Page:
When Ruth Davidson first claimed that she could revive the Conservatives north of the Border, she was greeted with a mixture of scorn, hostility and quite a lot of patronising faux pity.
Ms Davidson was deluded, the sages said. The 'toxic Tories' would never rise again in Scotland. The days when the Conservative and Unionist party was a power in the land were gone for good.
Yet with a combination of dogged determination, talent, a populist eye for a photo-call and some political fortune Ms Davidson has taken the Tories to the position of being the largest opposition group at Holyrood, beating Labour into third place.
Set you - and she - might have thought for the next phase which would have been the local government elections this May.
But then along come the Brexit referendum and Ms Davidson found herself plunged into a battle not of her choosing where as a 'remain' campaigner she was pitted against fellow Tories arguing for Leave.
Like most of the people on her side, from the Prime Minister down, the Scottish Tory leader must have thought she would win, which might explain how ferociously she went after colleagues like Boris Johnson.
But she lost and is now spending a considerable amount of her time being forced to defend something she did not vote for, and the conduct of the Brexit process by the Prime Minister Theresa May.
Now I can't read Ms Davidson's mind but she would not be human if she wasn't frustrated at this turn of events though she certainly put up a strong defence of Mrs May.
In an interview for Tonight's Representing Border, I asked the Scottish Tory leader whether she stood by her opinion, expressed in July, that the UK should remain in the single market, something the Prime Minister explicitly ruled out today.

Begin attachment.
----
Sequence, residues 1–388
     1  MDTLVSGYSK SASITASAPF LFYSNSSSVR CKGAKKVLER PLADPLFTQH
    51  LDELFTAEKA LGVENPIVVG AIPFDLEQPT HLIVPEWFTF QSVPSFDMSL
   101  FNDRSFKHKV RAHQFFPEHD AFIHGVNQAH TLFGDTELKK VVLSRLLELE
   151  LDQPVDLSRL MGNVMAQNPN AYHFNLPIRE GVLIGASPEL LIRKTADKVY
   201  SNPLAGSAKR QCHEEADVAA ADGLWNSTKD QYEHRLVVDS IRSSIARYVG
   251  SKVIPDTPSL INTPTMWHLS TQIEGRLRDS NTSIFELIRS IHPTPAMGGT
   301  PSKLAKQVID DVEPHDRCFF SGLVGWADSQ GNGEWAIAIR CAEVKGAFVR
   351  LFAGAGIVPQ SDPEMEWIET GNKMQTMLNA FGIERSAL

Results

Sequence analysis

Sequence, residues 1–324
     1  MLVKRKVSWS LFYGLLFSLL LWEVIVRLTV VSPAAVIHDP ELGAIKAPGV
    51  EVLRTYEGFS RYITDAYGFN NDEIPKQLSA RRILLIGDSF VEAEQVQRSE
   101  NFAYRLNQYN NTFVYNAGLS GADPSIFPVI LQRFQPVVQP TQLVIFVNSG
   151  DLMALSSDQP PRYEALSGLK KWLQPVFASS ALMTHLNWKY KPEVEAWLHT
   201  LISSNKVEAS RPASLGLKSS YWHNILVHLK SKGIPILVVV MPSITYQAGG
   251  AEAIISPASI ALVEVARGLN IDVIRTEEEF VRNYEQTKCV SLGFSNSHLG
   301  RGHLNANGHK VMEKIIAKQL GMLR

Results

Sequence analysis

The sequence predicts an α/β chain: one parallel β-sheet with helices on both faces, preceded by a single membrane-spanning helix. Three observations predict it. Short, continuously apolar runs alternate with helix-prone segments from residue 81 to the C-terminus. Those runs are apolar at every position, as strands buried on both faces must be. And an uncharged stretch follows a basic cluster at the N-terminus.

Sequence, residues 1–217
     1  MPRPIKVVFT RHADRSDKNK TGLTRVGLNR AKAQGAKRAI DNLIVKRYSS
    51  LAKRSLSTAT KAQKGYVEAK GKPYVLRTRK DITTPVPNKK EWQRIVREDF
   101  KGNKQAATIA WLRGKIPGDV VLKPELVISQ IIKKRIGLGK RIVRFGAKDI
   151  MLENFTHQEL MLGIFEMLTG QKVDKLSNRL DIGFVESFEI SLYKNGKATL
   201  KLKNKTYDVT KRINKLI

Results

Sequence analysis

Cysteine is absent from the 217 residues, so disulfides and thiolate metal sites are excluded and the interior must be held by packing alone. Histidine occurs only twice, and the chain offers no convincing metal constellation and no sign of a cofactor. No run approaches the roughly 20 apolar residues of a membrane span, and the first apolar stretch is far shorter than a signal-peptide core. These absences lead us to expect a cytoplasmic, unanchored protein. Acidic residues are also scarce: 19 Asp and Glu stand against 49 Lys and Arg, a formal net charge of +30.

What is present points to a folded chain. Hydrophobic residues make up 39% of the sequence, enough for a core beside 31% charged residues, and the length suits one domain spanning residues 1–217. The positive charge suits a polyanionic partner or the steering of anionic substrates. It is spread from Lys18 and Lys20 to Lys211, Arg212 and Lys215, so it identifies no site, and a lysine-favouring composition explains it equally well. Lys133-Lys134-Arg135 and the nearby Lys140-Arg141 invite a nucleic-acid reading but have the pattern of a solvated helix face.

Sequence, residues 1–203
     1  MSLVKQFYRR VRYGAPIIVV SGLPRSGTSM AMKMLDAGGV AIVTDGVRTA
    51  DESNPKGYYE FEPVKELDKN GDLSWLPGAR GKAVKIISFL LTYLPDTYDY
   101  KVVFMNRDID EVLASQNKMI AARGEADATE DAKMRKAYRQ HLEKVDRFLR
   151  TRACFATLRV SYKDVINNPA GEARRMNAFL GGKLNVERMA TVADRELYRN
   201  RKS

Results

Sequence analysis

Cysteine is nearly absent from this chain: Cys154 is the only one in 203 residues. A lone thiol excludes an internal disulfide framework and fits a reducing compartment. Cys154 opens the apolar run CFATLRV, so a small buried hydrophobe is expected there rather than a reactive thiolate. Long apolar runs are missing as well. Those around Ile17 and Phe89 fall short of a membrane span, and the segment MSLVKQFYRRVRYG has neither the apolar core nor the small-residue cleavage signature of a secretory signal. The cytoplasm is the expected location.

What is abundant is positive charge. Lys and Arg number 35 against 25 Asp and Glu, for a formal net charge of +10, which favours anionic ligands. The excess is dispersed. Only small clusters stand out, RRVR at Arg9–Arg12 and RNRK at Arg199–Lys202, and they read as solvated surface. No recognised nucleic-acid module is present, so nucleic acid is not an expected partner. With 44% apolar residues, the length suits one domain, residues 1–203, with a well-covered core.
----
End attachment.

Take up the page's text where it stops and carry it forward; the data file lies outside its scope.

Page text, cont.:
Ms Davidson told me:
Now I've just interviewed First Minister Nicola Sturgeon about Theresa May's speech, also for tonight's Representing Border.
She is saying that because the Prime Minister's speech rules out being part of the single market a second independence referendum is more likely. Perhaps we should say even more likely.
A special deal for Scotland where the country would in some way be part of the single market while the UK left the EU was a key demand of the SNP Scottish government.
Unless there is some extraordinary about-turn, and that's highly unlikely, it's now clear it is not going to happen.
To say Ms Sturgeon was scathing about her Tory rival's position would be to understate her reaction somewhat.
She accused Ms Davidson of "calling black white" and of changing her position over a relatively short period of time.
The First Minister is adamant that the Scottish government has been reasonable over Brexit, and compromised, only to be snubbed by Whitehall. Ms Davidson sees the SNP's stance differently, however.
She told me: "There's not a single thing the PM could have said today that wouldn't have the SNP screaming for a second independence referendum."
The outcome of all of this? Well, because of what she sees as a hard line taken by the Prime Minister, the First Minister is moving Scotland closer to what is known as indyref2.
For Ms Davidson, she can expect to spend a lot more time defending what one might charitably call a difficult position on behalf of her party.
On today's evidence she is certainly doing so with some gusto.
Ms Davidson's calculation? Again, I cannot read her mind but it is probably that even if she gets a hard time on Brexit, the people of Scotland - in her view - are not enthusiastic for a second independence referendum.
It's worth saying Ms Sturgeon won't be calling one this year, but it could well be the year after.
High stakes for both politicians, for Scotland, the United Kingdom and indeed for the future of Europe.